“Social capital,” according to the Greater Good Science Center,
refers to family and friends who support you through difficult times, as well as neighbors and coworkers who diversify your network and expose you to new ideas. While social capital originally referred to face-to-face interaction, it now also accounts for virtual interactions online such as email or on social media platforms like Facebook, Instagram, Twitter, and LinkedIn.
Social capital also includes the rewards these social connections yield, such as the feelings of bonding and belonging felt in close friendship, and the expanded worldview you might get from looser, broader connections. And these benefits trickle down to many parts of life; social capital is associated with happiness, better job prospects, cardiovascular health, and positive health-seeking behavior. Among seniors, social capital has been linked to physical mobility and tends to reduce cognitive decline.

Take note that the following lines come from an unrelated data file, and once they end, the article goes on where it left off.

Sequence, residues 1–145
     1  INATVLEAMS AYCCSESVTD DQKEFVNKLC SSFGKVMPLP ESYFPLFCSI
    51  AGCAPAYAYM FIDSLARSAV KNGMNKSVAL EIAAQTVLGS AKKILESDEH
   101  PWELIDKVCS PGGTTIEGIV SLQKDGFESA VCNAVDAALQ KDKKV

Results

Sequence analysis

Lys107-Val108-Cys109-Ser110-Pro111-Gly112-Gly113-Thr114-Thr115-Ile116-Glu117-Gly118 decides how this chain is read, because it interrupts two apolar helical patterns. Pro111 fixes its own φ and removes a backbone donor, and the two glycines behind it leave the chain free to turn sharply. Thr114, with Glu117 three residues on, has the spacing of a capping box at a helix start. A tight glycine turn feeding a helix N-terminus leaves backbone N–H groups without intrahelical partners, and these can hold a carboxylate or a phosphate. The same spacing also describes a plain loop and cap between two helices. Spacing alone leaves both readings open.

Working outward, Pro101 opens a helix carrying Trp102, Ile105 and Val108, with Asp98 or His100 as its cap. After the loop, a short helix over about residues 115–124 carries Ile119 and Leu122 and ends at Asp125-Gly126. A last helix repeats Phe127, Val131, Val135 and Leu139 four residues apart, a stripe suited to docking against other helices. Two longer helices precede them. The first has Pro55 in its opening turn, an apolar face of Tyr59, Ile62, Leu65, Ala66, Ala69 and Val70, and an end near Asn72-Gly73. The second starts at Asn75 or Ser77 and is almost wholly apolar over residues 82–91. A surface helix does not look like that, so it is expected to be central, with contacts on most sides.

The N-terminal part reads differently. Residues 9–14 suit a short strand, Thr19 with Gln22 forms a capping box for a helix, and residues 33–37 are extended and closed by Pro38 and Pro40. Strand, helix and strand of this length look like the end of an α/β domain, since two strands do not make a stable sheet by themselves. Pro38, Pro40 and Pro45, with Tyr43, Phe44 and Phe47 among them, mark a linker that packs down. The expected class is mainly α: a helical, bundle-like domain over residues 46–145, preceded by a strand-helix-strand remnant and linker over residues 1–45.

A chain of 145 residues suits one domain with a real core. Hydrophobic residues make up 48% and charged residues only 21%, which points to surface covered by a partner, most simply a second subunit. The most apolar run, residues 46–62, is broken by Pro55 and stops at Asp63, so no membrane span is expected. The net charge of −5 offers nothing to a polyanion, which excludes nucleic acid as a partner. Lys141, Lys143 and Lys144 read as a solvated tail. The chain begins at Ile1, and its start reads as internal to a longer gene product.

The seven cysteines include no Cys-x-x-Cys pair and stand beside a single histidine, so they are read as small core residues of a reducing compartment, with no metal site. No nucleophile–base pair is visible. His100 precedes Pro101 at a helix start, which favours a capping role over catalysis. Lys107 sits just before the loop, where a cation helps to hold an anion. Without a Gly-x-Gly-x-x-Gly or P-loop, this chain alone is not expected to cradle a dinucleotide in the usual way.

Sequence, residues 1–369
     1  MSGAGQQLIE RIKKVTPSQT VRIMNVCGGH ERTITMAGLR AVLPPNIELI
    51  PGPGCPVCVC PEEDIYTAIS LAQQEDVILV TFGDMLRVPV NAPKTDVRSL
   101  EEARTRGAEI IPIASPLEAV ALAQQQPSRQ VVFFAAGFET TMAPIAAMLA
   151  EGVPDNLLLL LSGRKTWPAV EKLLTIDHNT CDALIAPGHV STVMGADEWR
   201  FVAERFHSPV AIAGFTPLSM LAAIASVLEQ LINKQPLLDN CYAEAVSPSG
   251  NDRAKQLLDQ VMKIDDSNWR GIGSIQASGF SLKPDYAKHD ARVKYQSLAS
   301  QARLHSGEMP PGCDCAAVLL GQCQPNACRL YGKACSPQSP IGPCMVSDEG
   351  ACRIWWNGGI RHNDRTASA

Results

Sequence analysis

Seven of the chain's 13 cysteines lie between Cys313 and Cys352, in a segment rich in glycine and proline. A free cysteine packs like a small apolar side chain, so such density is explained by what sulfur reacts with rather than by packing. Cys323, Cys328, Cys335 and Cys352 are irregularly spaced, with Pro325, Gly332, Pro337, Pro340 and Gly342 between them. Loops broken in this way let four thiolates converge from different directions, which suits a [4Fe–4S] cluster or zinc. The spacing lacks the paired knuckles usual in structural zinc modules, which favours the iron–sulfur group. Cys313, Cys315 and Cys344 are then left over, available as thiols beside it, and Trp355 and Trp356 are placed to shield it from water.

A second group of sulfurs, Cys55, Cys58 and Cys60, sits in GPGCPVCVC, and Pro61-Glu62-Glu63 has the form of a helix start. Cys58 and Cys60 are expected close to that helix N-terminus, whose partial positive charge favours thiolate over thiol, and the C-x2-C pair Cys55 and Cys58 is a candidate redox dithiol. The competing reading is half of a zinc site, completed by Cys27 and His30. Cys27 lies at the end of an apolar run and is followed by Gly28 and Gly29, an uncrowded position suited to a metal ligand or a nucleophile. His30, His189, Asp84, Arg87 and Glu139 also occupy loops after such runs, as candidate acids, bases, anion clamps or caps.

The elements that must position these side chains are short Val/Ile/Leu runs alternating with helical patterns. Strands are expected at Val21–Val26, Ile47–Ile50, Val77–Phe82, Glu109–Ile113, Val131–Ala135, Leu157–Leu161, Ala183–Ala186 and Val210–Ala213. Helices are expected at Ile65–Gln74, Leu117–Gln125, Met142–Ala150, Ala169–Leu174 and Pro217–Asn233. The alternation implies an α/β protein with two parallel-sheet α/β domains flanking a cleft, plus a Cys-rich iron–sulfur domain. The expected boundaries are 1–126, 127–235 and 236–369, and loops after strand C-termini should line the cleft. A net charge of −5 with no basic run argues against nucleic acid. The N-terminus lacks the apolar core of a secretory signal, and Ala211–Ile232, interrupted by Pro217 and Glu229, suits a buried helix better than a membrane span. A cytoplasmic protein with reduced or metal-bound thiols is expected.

Last year, GGSC put out a social capital quiz, asking “readers questions about how connected they feel to a larger community, whether they have someone to turn to in times of need, and how open and curious they are about new people, places, and things—both in-person and online. In reviewing the data, we calculated an overall social capital score, in-person social capital score, and online social capital score for each responder, and we looked at the trends among everyone who took the quiz.” Here’s what they found:
- Young and old have less social capital than those in between.
- Ethnicity did not affect social capital scores.
- More education was linked to higher social capital.
- People in big cities had higher social capital.
- People on the West Coast had higher social capital.
- Liberals might have more social capital than conservatives.
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